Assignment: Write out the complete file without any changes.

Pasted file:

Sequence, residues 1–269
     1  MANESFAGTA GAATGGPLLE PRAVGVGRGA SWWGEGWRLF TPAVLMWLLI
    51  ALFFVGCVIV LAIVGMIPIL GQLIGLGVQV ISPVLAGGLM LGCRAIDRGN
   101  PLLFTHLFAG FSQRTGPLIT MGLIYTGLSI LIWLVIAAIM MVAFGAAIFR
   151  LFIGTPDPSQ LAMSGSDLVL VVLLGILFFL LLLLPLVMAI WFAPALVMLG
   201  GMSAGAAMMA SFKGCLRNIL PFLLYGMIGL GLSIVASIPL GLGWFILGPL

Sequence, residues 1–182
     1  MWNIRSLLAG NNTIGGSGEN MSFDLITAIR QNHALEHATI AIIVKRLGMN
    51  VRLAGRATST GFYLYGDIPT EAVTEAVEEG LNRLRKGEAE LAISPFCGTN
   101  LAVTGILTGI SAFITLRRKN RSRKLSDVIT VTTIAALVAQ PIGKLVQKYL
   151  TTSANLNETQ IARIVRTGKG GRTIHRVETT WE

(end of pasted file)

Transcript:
Sequence, residues 1–269
     1  MANESFAGTA GAATGGPLLE PRAVGVGRGA SWWGEGWRLF TPAVLMWLLI
    51  ALFFVGCVIV LAIVGMIPIL GQLIGLGVQV ISPVLAGGLM LGCRAIDRGN
   101  PLLFTHLFAG FSQRTGPLIT MGLIYTGLSI LIWLVIAAIM MVAFGAAIFR
   151  LFIGTPDPSQ LAMSGSDLVL VVLLGILFFL LLLLPLVMAI WFAPALVMLG
   201  GMSAGAAMMA SFKGCLRNIL PFLLYGMIGL GLSIVASIPL GLGWFILGPL

Sequence, residues 1–182
     1  MWNIRSLLAG NNTIGGSGEN MSFDLITAIR QNHALEHATI AIIVKRLGMN
    51  VRLAGRATST GFYLYGDIPT EAVTEAVEEG LNRLRKGEAE LAISPFCGTN
   101  LAVTGILTGI SAFITLRRKN RSRKLSDVIT VTTIAALVAQ PIGKLVQKYL
   151  TTSANLNETQ IARIVRTGKG GRTIHRVETT WE